Salish language taught at Tulalip culture camp

By Bill Sheets
Tulalip, Washington (AP) August 2010

Stan Jones, 84, remembers only a smattering of words and phrases of the language he heard his grandmother speak many years ago.

One of those phrases is a prayer that Jones, a longtime Tulalip tribal leader, offers at ceremonial events.

“I pray our language will come back,” he said, half-kidding.

That prayer is slowly coming true.

Jones looked around the Kenny Moses Building on Tulalip Bay last week and saw dozens of tribal children learning words and phrases in Lushootseed, the original language spoken by Salish tribes in the Puget Sound basin.

The children were split into groups at an annual camp in which they learn the language and culture through songs, drawing, painting, weaving, an old printing press and even a Nintendo DSI.

“I’m really proud of them doing that,” Jones said. “It’s just great.”

The camp is in its 15th year. About 200 children ages 5 through 12 sign up for the camp each year, said Natosha Gobin, a language teacher for the tribes.

Many of the children also learn the language at school or in informal groups, but the camp adds an element of fun that keeps the kids interested, tribal officials say.

“It’s really inspiring to see a lot of our young kids, how they just soak it in,” Gobin said.

Donovan Hamilton, 12, said he likes painting the best.

“It’s just really fun to keep coming,” said Donovan, who this week attended the camp for the third straight year.

At the end of each week-long camp, the children stage a play in which lines are delivered both in English and Lushootseed.

Some of the kids don’t attend the schools where the language is taught and this is their only opportunity to learn, Gobin said.

The language was nearly wiped out from 1880 to 1932, when Indian children were sent to boarding schools where they were reprimanded for speaking their traditional language or practicing their culture in any way.

Jones was only 4 years old when the Tulalip boarding school was closed. But at age 9 he fell ill and was sent to a hospital in Tacoma, a city where much of the cultural re-education practiced at the schools was continued.

He remembers how children there were punished for speaking Lushootseed.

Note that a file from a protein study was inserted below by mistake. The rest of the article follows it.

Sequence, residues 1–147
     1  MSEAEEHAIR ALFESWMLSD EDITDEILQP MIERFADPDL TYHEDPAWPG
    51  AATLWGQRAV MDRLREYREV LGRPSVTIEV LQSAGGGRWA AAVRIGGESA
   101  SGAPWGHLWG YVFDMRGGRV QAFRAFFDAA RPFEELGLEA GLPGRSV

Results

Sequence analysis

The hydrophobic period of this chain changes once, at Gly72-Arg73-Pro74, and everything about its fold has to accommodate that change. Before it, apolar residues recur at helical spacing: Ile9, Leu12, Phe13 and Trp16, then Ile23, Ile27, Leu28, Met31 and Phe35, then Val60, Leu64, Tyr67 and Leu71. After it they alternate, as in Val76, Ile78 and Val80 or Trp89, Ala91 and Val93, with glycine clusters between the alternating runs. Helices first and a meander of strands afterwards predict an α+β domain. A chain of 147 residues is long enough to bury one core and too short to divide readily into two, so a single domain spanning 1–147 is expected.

“Soap in the mouth,” he said.

In the 1960s, Thomas Hess, a University of Washington linguistics professor, applied symbols from the International Phonetic Alphabet to the previously unwritten Lushootseed language, said Dave Sienko, a Lushootseed media director for the Tulalip Tribes. The language has 47 written characters, Sienko said. The language has slowly made a comeback among local tribes since the ‘60s.

Hess had help from Vi Hilbert, an Upper Skagit tribal member. Hess died last year, Hilbert in 2008.

It’s not known how many people on the reservation speak Lushootseed, Gobin said. That’s an estimate the Tulalip Tribes hope to develop in coming years, she said.

The tribes now employ 12 people devoted to researching and teaching Lushootseed, according to tribal spokeswoman Mytyl Hernandez. The language is taught at several schools on the reservation. Lushootseed videos also show on the tribes’ website and its cable station, KANU-TV.

At the camp, Tony Hatch, a former tribal board member, combined geography and Lushootseed in having the kids draw maps of the reservation.

On the map, he had the children write the Lushootseed version of Tulalip, which translates to “far, towards the bottom.”

The name is a directive for canoe paddlers to get past a sand bar to reach the village at the south end of Tulalip Bay, Hatch said. They have to go far into the bay and then toward the bottom.

Learning the name of their home is one way to help children know their heritage, Hatch said.

“When they get older they’ll go, ‘Click, I remember that,”’ he said.